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empty call center, where social distancing is a challenge

How Social Distancing can prevent a contact/call center disaster

By Dale Lawrence

While many companies have moved most workers to work from home or built-in social distancing, contact centers typically have a challenge with social distancing due to the concentration of configured desks in a relatively small space. Apart from cubicle pony walls, most agents can normally reach each other and frequently stand up, walk around and go for breaks together. This means that if one person carries the virus, it doesn’t take long to spread to others. Ideally the agents would work remote, however, many contact centers are unable to access all of the necessary technology to allow for remote working-from-home. 

recent scientific study of a call center in South Korea found that Coronavirus spread quickly but also how layout and quick action can prevent a much greater health and business problem. The call center was situated in a popular mixed residential/commercial tower and was situated on an entire floor. 

Source: CDC medical journal, Emerging Infectious Diseases

Luckily, when the spread was discovered, the Korea Centers for Disease Control and Prevention sprang into action and discovered one side of the call center had already experienced an outbreak. Any more delay would have seen the other side have the same fate. In addition to the call center floor, the health authorities tracked everyone who had visited the entire tower and tested for the spread of the virus. Their quick action likely greatly reduced the spread.

Source: CDC medical journal, Emerging Infectious Diseases

There are lessons to be learned by any contact center operational leader as we all plan how to configure our workspace during the next 18 months.

Build in social distancing where possible. This includes at least one empty workstation as a buffer between workers. Don’t forget that call center agents work in rows and often back-to-back. You need to build in at least 6 feet between worker and allow for them to get to their desks without being to close. Remove unused chairs to allow for extra space.

Clean frequently and especially in-between shifts. As the Coronavirus can exist on materials for hours or days (see CDC for guidance), the contact center has many plastic, metal and hybrid materials that the virus can exist on.

Many of your metrics are out the window. Agents need to focus on the core activities while keeping themselves and others, safe. 

Minimize social proximity. There are usually many touchpoints and coaching activities in this environment. Talk on the phone where possible.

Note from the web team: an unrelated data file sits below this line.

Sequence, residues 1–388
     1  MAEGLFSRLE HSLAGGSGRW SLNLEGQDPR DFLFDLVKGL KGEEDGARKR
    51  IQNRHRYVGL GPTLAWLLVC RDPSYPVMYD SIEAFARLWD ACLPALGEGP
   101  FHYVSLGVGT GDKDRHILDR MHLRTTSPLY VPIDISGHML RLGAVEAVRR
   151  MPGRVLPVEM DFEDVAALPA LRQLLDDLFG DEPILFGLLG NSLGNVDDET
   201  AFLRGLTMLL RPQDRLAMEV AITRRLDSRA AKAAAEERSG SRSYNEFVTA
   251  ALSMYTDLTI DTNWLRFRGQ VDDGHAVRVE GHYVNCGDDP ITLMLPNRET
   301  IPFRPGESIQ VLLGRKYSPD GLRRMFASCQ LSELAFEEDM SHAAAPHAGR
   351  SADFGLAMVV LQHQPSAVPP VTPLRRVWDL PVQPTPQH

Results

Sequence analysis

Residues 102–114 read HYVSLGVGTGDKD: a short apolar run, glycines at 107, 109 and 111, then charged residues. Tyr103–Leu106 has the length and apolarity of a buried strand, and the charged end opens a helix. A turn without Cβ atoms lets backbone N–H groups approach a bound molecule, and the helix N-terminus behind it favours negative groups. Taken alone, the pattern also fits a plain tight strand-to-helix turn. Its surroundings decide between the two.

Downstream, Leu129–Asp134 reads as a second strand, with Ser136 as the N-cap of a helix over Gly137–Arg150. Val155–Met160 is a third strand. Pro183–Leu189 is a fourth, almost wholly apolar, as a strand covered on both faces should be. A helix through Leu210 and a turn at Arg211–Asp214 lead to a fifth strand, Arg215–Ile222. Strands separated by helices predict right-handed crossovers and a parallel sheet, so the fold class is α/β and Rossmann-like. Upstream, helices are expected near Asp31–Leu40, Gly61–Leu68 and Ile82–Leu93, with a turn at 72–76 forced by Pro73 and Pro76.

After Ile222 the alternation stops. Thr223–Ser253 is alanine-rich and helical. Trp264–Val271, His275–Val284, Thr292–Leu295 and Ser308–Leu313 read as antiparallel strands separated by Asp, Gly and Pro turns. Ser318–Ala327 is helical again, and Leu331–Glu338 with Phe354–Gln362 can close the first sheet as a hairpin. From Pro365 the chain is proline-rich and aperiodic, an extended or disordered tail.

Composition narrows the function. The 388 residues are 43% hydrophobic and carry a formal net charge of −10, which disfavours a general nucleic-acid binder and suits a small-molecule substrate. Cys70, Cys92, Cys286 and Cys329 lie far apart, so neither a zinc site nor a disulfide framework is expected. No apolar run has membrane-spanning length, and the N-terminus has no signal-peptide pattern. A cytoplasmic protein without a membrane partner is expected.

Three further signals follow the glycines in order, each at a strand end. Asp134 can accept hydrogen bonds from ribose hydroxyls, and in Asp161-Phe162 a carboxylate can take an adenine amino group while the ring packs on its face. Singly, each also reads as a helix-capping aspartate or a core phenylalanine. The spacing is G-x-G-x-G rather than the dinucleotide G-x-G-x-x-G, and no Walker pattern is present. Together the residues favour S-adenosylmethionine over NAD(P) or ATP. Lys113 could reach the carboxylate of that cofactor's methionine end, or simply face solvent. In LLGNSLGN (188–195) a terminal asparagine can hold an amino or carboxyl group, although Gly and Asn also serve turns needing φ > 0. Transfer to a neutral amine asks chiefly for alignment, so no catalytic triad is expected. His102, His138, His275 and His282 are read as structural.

No shared foods. Having tables with cookies, donuts and other snacks is a very common thing in call centers. This must be eliminated.

Avoid the shared spaces. This is tricky as agents frequently go to the kitchen area to grab drinks and lunches from the shared fridge. Having disposable bags for everyone to surround their lunch will help contamination.

Leverage any testing capabilities. While Korea is far more advanced in testing citizens and tracking spread, do what you can to have any employees who believe they are ill tested. Implement an immediate internal review of possible contamination.

Track everyone who visits the call center. This is critical as it will be very important to know who to immediately contact.

Build in redundancies and split up teams. Many call centers keep agents with shared capabilities, experience and skills together. Think about what would happen if an entire floor of agents had to be quarantined. Do you have a backup plan to prevent a major disruption? Can any agents work from home?

Assess airflow. Recent studies are showing that air conditioning may increase airborne contamination. Request HVAC experts to look for improvements and filtration options.

These are challenging times, but careful planning, common sense and rapid implementation can minimize the risk to your workers and business. The Propulo team is experienced at work design and human performance. We can support your preparation, business continuity strategy and customer experience service design. 

At Propulo, our focus has always been on Customer Experience and Operational Excellence.

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